What do Whales Feel Reading Answers
The Academic passage ‘What do Whales Feel’ is a reading passage that appeared in an IELTS Test. Read the passage below and answer questions 15-26. Beyond the questions, you will find the answers along with the location of the answers in the passage and the keywords that help you find out the answers.
What do Whales Feel
Unlock All Answers
|15.||Taste buds||The last line of paragraph 1 states that at least some cetaceans have ‘taste buds’ and the ‘nerves’ ‘serving’ (linked) ‘these’ (taste buds) have degenerated or are ‘rudimentary’ (underdeveloped). Hence, the answer is ‘Taste buds.|
|16.||Baleen whales||The last line of paragraph 3 mentions that the position of the eyes restricts the field of vision in ‘baleen whales’ in such a way that they probably ‘do not have stereoscopic vision’. Hence, the answer is ‘Baleen whales’.|
|17.||Forward, downward||The first line of paragraph 4 observes that the position of the eyes in most ‘dolphins and porpoises’ suggests that they ‘have stereoscopic vision forward and downward’. Hence, the answer is ‘forward, downward’.|
|18.||Freshwater dolphins||The second sentence in paragraph 4 points out that the ‘eye position in freshwater dolphins’, which often swim on their side or upside down while feeding, suggests that the ‘vision they have is stereoscopic forward and upward’. Hence, the answer is ‘freshwater dolphins’.|
|19.||water||Paragraph 4 informs that the ‘bottlenose dolphin’ has extremely ‘keen vision in water’. Moreover, judging from the way it watches and tracks airborne flying fish, it can apparently see ‘fairly well through the air–water interface’ as well. Hence, the answer is ‘water’.|
|20.||Lower frequencies||Paragraph 6 points out that ‘large baleen whales’ primarily ‘use the lower frequencies’ and are often ‘limited in their repertoire’. Hence, the answer is ‘lower frequencies’.|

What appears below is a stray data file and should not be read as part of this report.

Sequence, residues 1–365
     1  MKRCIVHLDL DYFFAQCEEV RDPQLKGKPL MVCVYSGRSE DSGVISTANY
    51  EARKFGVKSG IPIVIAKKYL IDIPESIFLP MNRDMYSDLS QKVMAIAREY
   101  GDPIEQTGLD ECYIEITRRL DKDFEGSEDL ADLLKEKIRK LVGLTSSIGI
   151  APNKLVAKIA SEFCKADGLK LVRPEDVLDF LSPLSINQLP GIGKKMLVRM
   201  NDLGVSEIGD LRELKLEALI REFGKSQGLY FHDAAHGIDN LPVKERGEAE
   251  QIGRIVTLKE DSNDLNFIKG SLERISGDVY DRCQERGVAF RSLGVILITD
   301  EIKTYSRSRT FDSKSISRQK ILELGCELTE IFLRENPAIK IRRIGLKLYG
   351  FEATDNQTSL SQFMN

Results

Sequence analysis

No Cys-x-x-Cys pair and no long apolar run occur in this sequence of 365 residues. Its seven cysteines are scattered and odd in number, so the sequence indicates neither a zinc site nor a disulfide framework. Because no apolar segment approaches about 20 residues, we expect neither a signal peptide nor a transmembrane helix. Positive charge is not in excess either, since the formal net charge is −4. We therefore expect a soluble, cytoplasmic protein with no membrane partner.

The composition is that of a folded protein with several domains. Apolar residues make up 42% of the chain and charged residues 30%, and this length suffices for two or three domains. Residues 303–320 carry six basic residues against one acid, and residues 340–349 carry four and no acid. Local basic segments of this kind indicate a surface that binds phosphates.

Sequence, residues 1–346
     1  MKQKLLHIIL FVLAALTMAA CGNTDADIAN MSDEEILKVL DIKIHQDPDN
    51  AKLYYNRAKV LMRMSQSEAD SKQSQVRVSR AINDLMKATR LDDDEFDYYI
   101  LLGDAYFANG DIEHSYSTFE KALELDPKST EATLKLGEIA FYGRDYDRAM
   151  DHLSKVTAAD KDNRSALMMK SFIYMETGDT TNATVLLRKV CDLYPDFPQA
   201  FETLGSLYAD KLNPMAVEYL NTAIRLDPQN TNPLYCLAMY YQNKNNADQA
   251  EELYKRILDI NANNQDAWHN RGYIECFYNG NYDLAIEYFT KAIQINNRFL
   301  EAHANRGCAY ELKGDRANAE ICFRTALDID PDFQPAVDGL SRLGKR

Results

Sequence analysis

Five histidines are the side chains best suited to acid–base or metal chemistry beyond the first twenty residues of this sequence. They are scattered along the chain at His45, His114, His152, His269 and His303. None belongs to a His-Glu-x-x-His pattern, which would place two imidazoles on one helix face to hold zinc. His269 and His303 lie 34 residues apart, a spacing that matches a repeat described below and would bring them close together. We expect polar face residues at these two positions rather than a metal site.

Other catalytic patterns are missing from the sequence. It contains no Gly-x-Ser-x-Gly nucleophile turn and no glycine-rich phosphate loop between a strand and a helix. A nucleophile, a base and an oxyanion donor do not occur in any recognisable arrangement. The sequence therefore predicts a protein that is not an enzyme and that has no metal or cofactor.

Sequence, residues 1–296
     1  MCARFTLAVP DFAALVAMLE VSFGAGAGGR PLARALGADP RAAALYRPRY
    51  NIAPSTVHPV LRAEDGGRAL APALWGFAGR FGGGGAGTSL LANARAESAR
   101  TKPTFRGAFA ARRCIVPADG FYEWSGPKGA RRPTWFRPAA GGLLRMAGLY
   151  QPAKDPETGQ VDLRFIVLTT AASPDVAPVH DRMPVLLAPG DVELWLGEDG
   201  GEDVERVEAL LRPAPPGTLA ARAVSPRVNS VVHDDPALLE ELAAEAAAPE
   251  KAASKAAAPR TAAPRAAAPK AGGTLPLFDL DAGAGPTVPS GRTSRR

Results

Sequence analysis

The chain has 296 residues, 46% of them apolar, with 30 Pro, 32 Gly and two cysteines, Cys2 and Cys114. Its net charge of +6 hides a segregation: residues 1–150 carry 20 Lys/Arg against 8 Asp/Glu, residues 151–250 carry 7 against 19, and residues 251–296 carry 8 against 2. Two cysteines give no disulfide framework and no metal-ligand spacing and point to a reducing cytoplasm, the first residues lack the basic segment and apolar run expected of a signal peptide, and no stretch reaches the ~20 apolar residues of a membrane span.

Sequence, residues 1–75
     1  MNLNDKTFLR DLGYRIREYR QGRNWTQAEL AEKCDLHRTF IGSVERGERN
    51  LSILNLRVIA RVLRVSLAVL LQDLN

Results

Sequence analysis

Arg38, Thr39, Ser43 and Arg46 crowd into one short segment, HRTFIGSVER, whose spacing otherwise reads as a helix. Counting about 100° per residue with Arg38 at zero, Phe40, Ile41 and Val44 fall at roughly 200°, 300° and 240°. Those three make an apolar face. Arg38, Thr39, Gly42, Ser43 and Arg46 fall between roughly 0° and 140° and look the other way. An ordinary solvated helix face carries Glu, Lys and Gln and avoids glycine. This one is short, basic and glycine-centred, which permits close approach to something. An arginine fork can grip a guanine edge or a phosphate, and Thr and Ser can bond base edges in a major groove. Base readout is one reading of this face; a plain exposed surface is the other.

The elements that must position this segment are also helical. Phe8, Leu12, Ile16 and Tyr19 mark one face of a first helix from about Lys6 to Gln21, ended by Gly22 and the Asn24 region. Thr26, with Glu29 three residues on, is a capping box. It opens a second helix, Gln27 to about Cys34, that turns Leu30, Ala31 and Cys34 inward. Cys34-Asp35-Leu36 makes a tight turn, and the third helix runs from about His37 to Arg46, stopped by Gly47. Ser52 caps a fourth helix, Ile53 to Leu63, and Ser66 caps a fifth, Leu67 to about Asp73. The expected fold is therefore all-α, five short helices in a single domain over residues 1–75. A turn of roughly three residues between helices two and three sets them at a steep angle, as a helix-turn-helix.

|21.||Bowhead, humpback||In paragraph 6, the writer notes that most species are highly vocal, but they vary in the range of sounds they produce and many forage for food using echolocation. Notable exceptions are the nearly ‘song-like choruses’ of ‘bowhead whales’ in summer and the ‘complex, haunting utterances’ of the ‘humpback whales’. Hence, the answer is ‘Bowhead, humpback’.|
|22.||touch||In paragraph 2, the writer is discussing that the ‘sense of touch’ of the dolphins and whales has sometimes been described as weak, but this view is probably mistaken. The contact may help to maintain order within a group, and ‘stroking or touching’ are ‘part of the courtship ritual’ (mating) in most species. Hence, the answer is ‘touch’.|
|23.||Freshwater dolphin||Paragraph 4 writes about the eye position in ‘freshwater dolphins’, which ‘often swim’ on their side or ‘upside down while feeding’ suggesting that their vision is stereoscopic forward and upward. Hence, the answer is ‘freshwater dolphin’.|
|24.||Airborne flying fish||Paragraph 4 states that the ‘bottlenose dolphin’ has extremely ‘keen vision in water’. Moreover, judging from the way it ‘watches and tracks airborne flying fish’, it can apparently see ‘fairly well through the air–water interface’ as well. Hence, the answer is ‘airborne flying fish’.|
|25.||Clear water||Paragraph 5 points out that ‘vision’ (good visual ability) is obviously ‘more useful’ to species ‘inhabiting’ (living in a specific habitat) ‘clear open waters’ than to those living in turbid rivers and flooded plains.
Hence, the answer is ‘clear water’.
|26.||Acoustic sense||The first sentence of paragraph 6 hints that although the senses of taste and smell appear to have deteriorated, and vision in water appears to be uncertain, such weaknesses are more than compensated for by ‘cetaceans’ ‘well-developed’ (best developed) ‘acoustic sense’. Hence, the answer is ‘acoustic sense’.|
Also check :